Reviews for Never Glue Your Friends to Chairs

Booklist Reviews 2008 August #1
The first title in this new series for independent readers introduces good-hearted, mishap-prone first-grader Roscoe. In short chapters filled with simple, snappy sentences, Roscoe tells his own story. He's excited about his class' bee-song performance for the school open house. But the students' bobbing antennas keep slipping, and kids won't stay seated. Aiming to help, he tries Super-Mega-Gonzo Glue, a too-successful solution that attaches antennas to chairs and brings chaos, remorse, and new appreciation for glue's cautions. Roscoe is an appealing, lively kid whose story is both entertaining and thought provoking (adults may want to review with kids the meaning and repercussions of permanent glue), and Biggs' expressive pencil drawings add to the humor. A list of Way Cool Things that Somebody Should Invent closes. The second title in the series, Roscoe Riley Rules #2: Never Swipe a Bully's Bear, is scheduled for simultaneous release. Copyright 2006 Booklist Reviews.

Horn Book Guide Reviews 2009 Spring
All four books begin with young Roscoe addressing the reader ("Hey! Over here!") from the time-out corner, explaining how he got in trouble...again. Brief chapters, large type, super-short sentences, and slapstick humor recommend these series entries to second-grade boys. The illustrations, like the text, are serviceable but not inspired. All-in-all, lightweight fare for emerging or reluctant readers. [Review covers these Roscoe Riley Rules titles: [cf2]Don't Swap Your Sweater for a Dog[cf1], [cf2]Never Glue Your Friends to Chairs[cf1], [cf2]Never Swim in Applesauce[cf1], and [cf2]Never Swipe a Bully's Bear[cf1].] Copyright 2009 Horn Book Guide Reviews.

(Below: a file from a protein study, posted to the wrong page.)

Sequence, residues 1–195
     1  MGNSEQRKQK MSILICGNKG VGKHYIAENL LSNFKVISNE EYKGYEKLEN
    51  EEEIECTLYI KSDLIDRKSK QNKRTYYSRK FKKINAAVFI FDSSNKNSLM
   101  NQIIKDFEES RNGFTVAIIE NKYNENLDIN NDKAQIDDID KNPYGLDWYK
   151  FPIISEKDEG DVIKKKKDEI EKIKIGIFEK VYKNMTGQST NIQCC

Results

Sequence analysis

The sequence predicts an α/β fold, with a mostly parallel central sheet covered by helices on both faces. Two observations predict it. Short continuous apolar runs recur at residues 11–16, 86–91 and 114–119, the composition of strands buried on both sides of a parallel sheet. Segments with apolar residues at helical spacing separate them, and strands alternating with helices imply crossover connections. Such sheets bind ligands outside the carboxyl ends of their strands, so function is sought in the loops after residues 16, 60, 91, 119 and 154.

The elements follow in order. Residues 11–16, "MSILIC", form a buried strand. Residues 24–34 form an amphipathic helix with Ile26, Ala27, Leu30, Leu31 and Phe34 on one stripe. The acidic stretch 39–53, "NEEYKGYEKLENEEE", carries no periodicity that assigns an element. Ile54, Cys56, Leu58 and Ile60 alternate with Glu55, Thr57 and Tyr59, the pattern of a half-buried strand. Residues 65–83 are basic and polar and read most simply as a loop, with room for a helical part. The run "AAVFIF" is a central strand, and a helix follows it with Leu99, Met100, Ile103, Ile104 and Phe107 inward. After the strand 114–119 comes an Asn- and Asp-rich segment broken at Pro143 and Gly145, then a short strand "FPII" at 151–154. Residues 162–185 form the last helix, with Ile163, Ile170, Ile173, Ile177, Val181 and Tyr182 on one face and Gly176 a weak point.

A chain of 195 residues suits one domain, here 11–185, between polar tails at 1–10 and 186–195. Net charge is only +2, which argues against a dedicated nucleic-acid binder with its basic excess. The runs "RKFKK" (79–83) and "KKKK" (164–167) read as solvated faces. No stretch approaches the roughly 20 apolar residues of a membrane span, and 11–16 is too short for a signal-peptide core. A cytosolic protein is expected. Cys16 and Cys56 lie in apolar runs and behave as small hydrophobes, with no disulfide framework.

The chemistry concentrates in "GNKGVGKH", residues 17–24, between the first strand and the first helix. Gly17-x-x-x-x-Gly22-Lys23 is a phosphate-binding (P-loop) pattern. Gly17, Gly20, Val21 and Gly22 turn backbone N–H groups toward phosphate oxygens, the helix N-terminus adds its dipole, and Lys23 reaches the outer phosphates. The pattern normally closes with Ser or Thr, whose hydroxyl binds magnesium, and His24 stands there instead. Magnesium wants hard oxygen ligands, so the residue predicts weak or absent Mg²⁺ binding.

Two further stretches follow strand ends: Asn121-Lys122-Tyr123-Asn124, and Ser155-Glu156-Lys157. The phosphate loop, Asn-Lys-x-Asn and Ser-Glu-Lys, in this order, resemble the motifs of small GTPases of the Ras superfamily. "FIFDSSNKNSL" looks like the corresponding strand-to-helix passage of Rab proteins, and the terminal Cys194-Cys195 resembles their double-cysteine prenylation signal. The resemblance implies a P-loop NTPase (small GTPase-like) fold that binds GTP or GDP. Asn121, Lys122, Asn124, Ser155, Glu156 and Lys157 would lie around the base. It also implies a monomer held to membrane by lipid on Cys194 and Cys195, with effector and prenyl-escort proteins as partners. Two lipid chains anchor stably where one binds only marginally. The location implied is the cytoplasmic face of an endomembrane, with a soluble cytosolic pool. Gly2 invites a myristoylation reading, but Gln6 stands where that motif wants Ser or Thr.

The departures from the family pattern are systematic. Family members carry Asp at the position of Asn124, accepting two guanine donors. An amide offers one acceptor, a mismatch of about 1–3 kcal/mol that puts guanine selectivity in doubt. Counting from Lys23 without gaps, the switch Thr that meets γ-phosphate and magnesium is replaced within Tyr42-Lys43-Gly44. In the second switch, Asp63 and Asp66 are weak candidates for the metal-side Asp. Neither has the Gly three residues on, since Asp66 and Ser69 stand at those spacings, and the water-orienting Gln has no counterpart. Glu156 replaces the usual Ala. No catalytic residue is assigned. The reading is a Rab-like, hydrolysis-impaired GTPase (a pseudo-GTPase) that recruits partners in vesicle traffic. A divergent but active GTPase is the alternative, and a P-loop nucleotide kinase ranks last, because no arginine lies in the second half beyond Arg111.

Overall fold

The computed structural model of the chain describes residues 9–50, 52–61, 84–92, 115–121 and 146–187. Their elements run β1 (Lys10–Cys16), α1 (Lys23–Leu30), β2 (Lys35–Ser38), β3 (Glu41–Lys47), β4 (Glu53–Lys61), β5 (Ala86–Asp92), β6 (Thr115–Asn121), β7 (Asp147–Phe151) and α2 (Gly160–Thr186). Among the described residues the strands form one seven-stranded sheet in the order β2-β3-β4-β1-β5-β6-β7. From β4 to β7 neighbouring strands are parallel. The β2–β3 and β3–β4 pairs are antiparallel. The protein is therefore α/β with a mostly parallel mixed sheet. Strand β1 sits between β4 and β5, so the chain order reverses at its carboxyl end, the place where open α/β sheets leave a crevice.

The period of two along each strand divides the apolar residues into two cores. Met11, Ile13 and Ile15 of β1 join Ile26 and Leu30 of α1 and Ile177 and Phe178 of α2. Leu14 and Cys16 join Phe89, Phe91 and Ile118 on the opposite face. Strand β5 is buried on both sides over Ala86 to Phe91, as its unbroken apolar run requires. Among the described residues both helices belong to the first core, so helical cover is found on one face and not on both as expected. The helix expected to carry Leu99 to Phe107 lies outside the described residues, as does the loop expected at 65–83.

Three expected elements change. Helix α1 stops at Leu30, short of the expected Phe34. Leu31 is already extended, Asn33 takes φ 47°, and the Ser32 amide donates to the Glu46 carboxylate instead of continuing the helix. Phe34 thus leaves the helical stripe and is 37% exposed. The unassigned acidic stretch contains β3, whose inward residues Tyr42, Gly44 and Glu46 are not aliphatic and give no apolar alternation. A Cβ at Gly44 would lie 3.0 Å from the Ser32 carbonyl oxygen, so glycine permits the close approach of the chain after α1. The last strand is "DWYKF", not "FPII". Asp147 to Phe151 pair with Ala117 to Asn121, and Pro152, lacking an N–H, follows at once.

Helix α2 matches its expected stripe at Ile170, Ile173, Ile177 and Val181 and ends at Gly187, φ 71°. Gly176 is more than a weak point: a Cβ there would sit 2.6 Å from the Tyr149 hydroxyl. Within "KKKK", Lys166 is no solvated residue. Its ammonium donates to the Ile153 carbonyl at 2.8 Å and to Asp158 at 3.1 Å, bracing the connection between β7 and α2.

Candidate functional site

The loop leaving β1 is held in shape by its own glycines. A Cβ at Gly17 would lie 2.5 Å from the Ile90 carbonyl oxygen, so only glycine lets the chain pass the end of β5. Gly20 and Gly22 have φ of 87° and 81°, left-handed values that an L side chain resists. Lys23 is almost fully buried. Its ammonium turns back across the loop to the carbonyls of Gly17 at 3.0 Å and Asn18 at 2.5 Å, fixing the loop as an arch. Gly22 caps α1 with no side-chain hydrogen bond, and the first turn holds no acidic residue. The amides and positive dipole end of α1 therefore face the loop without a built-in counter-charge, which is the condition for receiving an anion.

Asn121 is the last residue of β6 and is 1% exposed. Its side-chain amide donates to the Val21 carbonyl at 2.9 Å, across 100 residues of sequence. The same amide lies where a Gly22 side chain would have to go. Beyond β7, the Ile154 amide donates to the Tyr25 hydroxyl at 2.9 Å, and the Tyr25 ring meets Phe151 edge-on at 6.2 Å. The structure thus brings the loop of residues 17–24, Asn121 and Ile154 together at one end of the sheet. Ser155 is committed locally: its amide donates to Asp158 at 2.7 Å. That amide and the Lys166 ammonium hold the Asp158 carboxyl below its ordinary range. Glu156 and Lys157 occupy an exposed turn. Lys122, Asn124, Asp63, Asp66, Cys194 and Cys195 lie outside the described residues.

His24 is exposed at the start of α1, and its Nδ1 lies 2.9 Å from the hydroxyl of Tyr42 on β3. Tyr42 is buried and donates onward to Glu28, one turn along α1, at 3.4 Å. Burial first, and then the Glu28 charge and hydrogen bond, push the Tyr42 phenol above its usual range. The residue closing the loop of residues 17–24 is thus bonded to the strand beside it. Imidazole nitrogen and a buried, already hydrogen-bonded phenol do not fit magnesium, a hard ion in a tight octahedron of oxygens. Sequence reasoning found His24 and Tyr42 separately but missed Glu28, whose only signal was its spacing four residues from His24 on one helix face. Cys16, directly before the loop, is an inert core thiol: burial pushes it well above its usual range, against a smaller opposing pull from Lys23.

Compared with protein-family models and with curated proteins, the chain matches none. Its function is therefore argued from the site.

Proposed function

School Library Journal Reviews 2008 September

Gr 1-2-- These early chapter books begin and end in the time-out chair. In Friends , Roscoe's first-grade class is getting ready for open house. It's supposed to involve a performance of singing bumblebees followed by dessert. However, add one hyper, trouble-finding boy (Roscoe) with a tube of Super-Mega-Gonzo Glue and too many bright ideas and you've got a recipe for disaster. In Sweater , Roscoe trades an itchy sweater that his grandmother made him for his neighbor's dog so he can enter the animal in a pet show. The protagonist always means well and the adults can usually see a big heart behind his antics--after they've calmed down a bit. Both stories are fun reads with simple and amusing cartoon illustrations. Good choices for children transitioning from beginning readers to chapter books.--Kelly Roth, Bartow County Public Library, Cartersville, GA

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